On Christmas Eve, a little girl named Marie (Cohen) falls asleep after a party at her home and dreams herself (or does she?) into a fantastic world where toys become larger than life. Her ... See full summary »
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On Christmas Eve, a little girl named Marie (Cohen) falls asleep after a party at her home and dreams herself (or does she?) into a fantastic world where toys become larger than life. Her beloved Nutcracker (Culkin) comes to life and defends her from the Mouse King, then is turned into a Prince after Marie saves his life. Written by
This version of the ballet, an adaptation of the famous George Balanchine staging presented annually in New York City, is the only well-known American production of "The Nutcracker" to use children in the roles of Marie (known as Clara in most versions) and the Nutcracker/Prince, so the roles are not choreographed to be as technically demanding as in other productions of the ballet. The original 1892 Russian production also used children. Several other productions, including the recent Helgi Tomasson one for the San Francisco Ballet, have taken their cue from Balanchine and cast a little girl in the role of Clara, but in the Tomasson version, Clara is magically transformed into an adult in Act II so that she can dance the pas de deux with the Prince (danced in the Tomasson production by an adult). Many other productions (especially Russian ones) now cast adults as the Nutcracker/Prince and the girl, usually known as Clara rather than Marie, so that there is an adult love interest between the couple. See more »
In the opening credits, Macaulay Culkin is listed as playing Drosselmayer's nephew, but he is not listed as playing either The Nutcracker or The Prince. See more »
I'd seen parts of this production before but I wanted to refresh my initial reactions and see if they were correct. I think they were!
I've always thought Balanchine was very old-fashioned in his attitudes, particularly in the ballerina-and-her-cavalier prototype. But this is, of course, what Russian ballet is all about.
I was mostly interested in seeing if Balanchine would keep the music up to speed and I find he has. After seeing the traditional performances where everything is slowed down to a glacial pace to accommodate the dancers, this is most refreshing and as a record of Mr. B's approach, this video production is invaluable.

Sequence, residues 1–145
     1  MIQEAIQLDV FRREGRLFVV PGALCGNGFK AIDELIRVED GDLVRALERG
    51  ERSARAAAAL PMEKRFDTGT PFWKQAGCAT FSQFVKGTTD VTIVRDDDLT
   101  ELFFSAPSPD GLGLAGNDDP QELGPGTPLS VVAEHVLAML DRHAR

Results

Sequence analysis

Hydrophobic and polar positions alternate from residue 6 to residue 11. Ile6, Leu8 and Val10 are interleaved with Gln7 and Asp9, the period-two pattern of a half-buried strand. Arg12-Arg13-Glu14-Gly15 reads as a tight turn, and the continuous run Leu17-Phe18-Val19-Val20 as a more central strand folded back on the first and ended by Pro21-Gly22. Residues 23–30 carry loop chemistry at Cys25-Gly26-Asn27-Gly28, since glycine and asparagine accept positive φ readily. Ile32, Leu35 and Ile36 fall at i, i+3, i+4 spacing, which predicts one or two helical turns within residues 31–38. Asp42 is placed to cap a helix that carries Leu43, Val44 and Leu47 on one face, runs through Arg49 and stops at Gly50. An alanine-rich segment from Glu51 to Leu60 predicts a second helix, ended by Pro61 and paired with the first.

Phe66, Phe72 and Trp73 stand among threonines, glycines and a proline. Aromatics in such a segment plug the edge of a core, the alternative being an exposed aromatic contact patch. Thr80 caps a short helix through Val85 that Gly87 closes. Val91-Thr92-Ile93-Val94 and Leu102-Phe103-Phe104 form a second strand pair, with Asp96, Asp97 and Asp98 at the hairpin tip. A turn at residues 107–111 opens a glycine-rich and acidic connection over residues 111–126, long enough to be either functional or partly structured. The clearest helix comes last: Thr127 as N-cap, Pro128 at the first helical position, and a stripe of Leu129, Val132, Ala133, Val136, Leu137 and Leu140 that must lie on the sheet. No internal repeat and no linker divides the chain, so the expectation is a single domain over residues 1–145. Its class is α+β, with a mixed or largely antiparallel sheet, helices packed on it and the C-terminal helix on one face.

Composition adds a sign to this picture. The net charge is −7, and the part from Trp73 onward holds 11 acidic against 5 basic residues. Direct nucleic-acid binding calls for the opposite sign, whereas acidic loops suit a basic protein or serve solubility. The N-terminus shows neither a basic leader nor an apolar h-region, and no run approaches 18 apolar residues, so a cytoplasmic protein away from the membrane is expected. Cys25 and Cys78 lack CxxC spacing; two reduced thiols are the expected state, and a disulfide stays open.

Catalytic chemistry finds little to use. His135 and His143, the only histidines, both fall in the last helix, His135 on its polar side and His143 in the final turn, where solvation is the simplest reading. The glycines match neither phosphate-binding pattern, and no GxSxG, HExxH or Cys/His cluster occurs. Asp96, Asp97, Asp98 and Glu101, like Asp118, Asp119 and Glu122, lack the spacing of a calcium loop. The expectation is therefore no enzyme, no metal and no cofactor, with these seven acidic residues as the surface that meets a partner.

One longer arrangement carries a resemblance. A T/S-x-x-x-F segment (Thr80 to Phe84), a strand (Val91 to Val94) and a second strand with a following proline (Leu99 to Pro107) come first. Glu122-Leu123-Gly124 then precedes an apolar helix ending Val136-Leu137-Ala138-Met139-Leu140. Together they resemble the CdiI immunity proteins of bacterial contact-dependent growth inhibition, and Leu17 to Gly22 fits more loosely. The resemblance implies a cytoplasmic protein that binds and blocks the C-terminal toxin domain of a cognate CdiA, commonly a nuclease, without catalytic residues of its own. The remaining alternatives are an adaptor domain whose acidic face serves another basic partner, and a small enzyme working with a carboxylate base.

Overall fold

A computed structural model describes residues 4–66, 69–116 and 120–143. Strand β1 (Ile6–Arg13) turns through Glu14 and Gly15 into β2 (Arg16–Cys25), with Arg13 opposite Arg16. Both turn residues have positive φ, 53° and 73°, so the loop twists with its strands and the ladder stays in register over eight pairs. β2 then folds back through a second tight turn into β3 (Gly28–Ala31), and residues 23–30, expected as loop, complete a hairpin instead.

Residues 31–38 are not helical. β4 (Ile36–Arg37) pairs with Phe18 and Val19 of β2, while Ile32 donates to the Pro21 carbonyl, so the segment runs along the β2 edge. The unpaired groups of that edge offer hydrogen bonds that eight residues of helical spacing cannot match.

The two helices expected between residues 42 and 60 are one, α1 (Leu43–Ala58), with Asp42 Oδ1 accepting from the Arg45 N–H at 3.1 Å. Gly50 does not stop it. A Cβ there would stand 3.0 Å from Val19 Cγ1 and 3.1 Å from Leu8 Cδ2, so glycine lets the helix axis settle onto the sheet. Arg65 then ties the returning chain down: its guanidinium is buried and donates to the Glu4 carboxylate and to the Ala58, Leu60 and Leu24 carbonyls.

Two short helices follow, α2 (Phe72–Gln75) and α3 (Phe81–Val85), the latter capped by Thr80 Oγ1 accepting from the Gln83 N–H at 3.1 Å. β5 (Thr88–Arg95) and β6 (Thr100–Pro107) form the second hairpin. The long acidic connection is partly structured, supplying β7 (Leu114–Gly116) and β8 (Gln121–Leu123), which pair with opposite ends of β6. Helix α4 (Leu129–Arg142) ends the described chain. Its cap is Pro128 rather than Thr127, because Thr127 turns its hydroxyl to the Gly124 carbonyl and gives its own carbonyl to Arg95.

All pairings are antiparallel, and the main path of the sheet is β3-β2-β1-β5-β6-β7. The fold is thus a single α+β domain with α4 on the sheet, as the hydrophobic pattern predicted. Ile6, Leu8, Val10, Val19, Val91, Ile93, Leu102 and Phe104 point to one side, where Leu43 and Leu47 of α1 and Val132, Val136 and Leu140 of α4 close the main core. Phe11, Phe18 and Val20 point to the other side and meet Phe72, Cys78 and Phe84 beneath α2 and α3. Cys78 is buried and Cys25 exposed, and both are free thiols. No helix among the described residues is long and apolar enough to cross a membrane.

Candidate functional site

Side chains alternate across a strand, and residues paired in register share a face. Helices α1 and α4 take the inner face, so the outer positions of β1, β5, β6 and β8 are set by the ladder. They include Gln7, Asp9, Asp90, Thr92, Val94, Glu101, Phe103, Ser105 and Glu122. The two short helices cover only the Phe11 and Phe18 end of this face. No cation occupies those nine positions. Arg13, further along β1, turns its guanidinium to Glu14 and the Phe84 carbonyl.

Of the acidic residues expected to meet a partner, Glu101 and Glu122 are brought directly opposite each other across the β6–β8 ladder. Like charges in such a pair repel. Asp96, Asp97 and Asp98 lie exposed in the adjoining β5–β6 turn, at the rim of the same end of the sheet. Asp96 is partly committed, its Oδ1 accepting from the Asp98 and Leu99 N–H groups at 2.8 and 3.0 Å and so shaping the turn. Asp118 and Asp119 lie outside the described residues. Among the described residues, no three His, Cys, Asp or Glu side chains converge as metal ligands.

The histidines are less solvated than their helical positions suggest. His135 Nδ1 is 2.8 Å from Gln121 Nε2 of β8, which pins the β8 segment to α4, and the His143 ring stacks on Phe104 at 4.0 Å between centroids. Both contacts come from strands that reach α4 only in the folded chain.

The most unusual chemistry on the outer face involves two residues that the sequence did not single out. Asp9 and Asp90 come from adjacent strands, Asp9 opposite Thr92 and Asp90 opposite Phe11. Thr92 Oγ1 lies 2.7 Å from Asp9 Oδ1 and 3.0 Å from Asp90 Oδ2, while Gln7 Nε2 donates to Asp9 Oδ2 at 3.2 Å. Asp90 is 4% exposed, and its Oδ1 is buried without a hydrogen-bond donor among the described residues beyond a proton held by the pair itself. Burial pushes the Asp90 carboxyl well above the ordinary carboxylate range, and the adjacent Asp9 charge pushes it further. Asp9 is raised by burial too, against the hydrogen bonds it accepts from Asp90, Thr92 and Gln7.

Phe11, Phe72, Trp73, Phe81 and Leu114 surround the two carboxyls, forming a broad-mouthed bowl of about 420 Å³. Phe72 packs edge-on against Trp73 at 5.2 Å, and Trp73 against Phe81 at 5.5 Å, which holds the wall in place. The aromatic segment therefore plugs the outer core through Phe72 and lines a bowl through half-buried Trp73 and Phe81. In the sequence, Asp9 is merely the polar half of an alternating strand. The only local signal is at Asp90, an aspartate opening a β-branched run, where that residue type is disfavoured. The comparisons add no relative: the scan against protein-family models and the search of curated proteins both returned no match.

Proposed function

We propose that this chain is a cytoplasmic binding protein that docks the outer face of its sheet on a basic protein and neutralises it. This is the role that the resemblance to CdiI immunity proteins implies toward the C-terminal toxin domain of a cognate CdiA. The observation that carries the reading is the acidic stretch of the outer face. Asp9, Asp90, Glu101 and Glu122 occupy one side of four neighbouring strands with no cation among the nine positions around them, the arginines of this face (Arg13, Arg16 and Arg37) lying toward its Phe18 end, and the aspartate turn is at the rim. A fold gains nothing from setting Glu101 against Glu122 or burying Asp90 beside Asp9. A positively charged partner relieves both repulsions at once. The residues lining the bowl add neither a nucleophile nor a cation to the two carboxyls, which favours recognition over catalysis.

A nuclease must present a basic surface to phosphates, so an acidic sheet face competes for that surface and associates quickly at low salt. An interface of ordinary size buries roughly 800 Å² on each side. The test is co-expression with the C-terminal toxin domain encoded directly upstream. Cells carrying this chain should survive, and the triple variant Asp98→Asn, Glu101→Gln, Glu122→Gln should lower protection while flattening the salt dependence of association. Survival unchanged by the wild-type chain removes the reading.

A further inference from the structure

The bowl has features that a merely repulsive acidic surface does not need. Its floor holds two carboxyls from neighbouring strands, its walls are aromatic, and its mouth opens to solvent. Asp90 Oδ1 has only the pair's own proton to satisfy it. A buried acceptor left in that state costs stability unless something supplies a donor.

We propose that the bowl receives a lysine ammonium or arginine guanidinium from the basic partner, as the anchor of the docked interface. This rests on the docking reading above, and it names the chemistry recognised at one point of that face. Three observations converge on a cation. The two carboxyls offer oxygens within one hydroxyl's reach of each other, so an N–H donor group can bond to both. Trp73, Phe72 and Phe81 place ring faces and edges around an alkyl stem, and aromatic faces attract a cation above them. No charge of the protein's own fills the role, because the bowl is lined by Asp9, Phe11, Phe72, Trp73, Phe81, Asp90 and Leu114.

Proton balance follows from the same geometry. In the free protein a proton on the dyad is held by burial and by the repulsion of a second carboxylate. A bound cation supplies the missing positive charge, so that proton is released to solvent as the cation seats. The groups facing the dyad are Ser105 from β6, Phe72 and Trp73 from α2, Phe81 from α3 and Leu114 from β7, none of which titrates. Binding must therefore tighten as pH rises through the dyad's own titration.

Others have mentioned the music-tampering but this is not unusual in the dance world or even in Balanchine. One glaring example of this is his "Serenade" where Tchaikovsky's last two movements are reversed; the "Elegy" is the last thing heard instead of the fast finale. In all fairness, Balanchine assumed that his own works would be forgotten with time and would not become the monuments they have.
Is the 12 year old Culkin as bad as all that? In context, his star power has proved a liability here and this is at least partly due to his overall awkwardness in the nephew-prince role. Smiling or smirking professionally in that dreadful pink Lord Fauntleroy suit he can often look downright sinister. (He later used that quality in "Party Monster" for example.) And, with almost nothing to do except lend his presence to the second part, whenever they show him in passing I find the effect jarring.
Mack aside, the photography is good in general though awkward in the pan-and-scan version close-ups. The narration really shouldn't have happened but it's not too disturbing.
the DVD: It's a two-sided DVD with no real labels. (Watch your fingers!) The second side is the letterboxed one which I think is more successful than the pan-and-scan first side. The extras are informative but sparse.
6 or 7 out of 10.
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